images.jpgI think it’s time to throw out the five-day workweek. What about you?

We may all be a bunch of lemmings, workers and managers alike, following a system that has become obsolete for many working Americans. Why couldn’t there be a three-day workweek, or a seven-day workweek twice a month? You could think up any new model, go crazy!

Most U.S. employers, pubic and private, have operated in the same manner and few have thought to question it…until Utah.

The state instituted a four-day workweek for its public sector workers in 2008, and a story in the New York Times today talks about how other states and local municipalities are pondering a similar move but naysayers want to squash the ground-breaking effort.

Working parents, and employees who are looking for flexibility on the job, should rise up and support Utah’s move. Why? Because our futures depend on it.

Utah decided to go four-day in order to save money for the state and also to cut down on energy costs. But by changing the rules of the workplace game so drastically, the state’s legislators have provided a new mode of thinking for all of us.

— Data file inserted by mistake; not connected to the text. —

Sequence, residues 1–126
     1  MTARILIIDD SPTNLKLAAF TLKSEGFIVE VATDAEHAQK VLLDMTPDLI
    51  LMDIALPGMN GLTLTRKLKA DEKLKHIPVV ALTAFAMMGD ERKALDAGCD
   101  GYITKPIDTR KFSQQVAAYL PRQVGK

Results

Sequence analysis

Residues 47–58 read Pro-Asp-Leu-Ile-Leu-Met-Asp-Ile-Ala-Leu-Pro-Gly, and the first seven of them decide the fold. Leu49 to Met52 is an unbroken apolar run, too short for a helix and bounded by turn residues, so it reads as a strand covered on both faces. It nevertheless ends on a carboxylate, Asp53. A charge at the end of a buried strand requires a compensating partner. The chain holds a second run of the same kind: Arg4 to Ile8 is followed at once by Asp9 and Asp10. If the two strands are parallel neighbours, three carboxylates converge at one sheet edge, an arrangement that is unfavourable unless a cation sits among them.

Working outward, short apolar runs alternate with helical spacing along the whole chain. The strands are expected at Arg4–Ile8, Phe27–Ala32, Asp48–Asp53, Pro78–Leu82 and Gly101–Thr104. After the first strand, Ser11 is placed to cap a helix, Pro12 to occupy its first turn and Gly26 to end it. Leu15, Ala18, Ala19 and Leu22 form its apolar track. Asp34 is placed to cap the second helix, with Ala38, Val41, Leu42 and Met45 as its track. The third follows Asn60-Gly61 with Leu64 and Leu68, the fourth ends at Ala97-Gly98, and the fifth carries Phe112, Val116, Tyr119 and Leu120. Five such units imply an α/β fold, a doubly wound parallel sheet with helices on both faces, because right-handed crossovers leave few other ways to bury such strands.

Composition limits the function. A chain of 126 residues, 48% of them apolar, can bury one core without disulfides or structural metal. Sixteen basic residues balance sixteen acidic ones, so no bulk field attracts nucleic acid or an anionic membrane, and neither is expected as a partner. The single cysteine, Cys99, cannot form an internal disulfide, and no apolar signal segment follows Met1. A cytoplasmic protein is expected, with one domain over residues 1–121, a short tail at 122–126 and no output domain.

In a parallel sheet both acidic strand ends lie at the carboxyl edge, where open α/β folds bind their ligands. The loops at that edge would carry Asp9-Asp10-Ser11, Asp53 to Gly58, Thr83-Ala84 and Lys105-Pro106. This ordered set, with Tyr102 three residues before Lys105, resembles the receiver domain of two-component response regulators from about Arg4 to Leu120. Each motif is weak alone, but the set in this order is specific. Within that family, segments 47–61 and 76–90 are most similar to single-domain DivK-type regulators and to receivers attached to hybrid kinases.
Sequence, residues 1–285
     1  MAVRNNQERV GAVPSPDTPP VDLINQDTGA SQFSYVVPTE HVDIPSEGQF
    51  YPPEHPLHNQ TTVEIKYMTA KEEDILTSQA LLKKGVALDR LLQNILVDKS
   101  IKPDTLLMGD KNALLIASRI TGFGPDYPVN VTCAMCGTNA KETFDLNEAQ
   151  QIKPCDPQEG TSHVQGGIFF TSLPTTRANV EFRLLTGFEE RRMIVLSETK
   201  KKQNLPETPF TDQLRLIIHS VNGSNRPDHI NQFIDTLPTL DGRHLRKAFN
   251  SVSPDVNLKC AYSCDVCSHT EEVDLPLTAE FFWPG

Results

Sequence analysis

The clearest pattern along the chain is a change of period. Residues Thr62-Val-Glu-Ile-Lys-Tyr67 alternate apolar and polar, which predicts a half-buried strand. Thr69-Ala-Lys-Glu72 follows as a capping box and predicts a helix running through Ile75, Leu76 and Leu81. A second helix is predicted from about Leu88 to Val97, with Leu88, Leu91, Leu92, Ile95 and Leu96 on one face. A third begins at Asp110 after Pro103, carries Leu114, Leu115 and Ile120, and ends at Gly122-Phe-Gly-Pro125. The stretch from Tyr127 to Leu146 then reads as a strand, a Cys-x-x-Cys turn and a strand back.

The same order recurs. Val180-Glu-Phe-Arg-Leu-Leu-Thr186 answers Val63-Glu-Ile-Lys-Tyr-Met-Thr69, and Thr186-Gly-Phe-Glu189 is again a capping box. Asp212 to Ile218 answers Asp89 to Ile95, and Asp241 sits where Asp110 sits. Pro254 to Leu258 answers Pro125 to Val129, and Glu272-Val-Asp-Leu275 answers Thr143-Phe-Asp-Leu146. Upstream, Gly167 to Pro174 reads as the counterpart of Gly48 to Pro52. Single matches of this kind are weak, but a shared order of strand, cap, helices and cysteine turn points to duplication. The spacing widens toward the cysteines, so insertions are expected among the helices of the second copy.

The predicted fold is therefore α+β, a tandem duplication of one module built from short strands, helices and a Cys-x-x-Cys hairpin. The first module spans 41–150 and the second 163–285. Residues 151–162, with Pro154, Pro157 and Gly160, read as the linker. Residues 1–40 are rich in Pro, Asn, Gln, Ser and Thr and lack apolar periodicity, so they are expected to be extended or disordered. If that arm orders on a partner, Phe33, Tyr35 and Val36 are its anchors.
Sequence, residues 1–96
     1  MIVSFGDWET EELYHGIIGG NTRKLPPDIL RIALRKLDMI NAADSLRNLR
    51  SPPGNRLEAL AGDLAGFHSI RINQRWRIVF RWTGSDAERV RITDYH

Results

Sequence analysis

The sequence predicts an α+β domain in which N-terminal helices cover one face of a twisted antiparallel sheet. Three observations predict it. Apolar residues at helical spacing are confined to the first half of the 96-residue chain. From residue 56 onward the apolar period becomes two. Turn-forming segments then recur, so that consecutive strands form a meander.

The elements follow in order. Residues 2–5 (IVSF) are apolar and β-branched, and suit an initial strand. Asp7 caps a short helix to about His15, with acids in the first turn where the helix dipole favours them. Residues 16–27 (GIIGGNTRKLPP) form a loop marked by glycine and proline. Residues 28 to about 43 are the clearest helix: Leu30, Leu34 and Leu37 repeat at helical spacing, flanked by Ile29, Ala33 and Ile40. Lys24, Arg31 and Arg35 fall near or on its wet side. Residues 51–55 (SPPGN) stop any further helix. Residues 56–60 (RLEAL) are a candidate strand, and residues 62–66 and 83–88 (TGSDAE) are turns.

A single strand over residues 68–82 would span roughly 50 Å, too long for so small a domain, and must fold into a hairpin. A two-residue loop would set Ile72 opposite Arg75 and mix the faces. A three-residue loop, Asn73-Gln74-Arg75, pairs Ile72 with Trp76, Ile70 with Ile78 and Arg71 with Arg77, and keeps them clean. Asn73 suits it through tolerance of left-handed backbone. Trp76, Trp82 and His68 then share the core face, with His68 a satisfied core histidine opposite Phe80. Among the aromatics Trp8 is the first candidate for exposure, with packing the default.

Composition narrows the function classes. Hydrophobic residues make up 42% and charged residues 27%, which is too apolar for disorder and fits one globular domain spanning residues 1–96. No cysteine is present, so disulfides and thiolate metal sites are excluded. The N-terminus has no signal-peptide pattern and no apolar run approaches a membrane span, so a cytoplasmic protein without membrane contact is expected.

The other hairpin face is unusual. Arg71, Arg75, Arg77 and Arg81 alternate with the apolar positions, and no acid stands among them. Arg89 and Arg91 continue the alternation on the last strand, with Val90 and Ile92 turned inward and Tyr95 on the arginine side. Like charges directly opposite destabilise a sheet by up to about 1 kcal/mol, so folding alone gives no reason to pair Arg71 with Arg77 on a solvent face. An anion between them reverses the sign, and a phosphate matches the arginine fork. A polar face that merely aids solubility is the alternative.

Our society came up with the five-day workweek in the 1920s, according to Robert Whaples, an economics professor with Wake Forest University, and he’s still scratching his head over why it’s persists to this day. In an article he wrote:

The five-day work week with an eight-hour workday came to be seen as the norm over a half a century ago and it is still seen as the norm today. This development caught a lot of attentive observers by surprise — for example, John Maynard Keynes in 1930 predicted that by 2030 a fifteen hour work week would be sufficient for all but the most extreme workaholics. The stabilization of the work week at forty hours continues to defy easy explanation.

So why, after all this time, do we continue to operate under a five-day workweek mindset? We need to delve into this question with both feet. I know, it’s scary to change the status quo but the status quo ain’t working for many working stiffs.

If we want things like job-sharing, flexible work hours, and a true openness to work alternatives for working people then we have to start with the biggest target — the standard workweek.

What’s your take? Would you be happier working four days, or 15 days straight with the rest of the month off?

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